This document was originally published in The Drama: Its History, Literature and Influence on Civilization, vol. 11. ed. Alfred Bates. London: Historical Publishing Company, 1906. pp. 75-76.

After Schiller's death Goethe lost for a time his interest in literature. Within a year and a half the battle of Jena was fought, and Weimar was sacked by the French army. It was probably the insecurity of life at this time which led him to marry the mother of his son, with whom he had been living for seventeen years--or rather, should we say, the sense of insecurity led her to consent to the marriage, which she had before refused. Nothing in Goethe's life has been so misunderstood and misrepresented as his relations with Christiane Vulpius. She was always treated as a wife, and very much better than most wives, the two being united by bonds more indissoluble than those of the church. Christiane was from a much lower rank in society; but she understood Goethe's nature as no one else did.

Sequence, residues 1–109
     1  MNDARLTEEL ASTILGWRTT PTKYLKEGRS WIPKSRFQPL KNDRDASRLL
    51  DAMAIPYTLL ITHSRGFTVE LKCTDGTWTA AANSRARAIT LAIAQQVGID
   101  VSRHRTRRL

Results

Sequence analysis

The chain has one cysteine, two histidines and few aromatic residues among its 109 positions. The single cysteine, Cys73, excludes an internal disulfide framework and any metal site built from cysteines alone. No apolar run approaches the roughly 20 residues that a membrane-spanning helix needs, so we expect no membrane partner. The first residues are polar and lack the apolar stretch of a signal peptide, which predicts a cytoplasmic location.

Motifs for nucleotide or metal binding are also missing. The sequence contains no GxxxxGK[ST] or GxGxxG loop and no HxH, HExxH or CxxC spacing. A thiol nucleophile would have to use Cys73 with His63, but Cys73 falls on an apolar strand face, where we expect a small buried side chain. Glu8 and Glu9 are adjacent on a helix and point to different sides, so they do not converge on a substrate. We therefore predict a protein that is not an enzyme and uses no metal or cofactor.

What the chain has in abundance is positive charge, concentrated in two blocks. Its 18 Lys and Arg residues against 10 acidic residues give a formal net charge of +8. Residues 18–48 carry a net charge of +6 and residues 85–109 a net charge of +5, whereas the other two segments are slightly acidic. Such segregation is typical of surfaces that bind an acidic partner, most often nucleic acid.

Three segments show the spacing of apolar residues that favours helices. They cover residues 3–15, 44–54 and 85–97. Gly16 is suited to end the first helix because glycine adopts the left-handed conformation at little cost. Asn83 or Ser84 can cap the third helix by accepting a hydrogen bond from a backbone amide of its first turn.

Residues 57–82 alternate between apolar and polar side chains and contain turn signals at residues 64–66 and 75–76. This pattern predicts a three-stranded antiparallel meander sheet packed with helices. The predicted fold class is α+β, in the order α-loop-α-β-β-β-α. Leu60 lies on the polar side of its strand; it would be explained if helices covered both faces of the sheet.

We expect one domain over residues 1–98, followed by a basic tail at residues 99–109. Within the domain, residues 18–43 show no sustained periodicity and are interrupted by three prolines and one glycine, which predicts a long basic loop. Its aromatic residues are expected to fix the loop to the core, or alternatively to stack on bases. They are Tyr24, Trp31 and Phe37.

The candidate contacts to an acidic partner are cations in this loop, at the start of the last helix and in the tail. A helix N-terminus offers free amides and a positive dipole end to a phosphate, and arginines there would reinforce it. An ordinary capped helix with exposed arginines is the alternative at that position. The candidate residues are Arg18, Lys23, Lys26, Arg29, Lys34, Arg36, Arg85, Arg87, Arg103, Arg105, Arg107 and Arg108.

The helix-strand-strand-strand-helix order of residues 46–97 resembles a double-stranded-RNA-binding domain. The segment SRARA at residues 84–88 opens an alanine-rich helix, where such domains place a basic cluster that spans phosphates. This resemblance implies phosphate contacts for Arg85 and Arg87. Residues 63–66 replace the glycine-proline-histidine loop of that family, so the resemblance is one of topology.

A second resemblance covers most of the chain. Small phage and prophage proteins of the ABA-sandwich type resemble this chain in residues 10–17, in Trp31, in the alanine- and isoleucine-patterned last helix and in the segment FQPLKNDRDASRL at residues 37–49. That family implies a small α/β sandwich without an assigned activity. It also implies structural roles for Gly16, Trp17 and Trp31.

• Goethe (1749-1832) - A biography, plus links to purchase all of his works currently in print.

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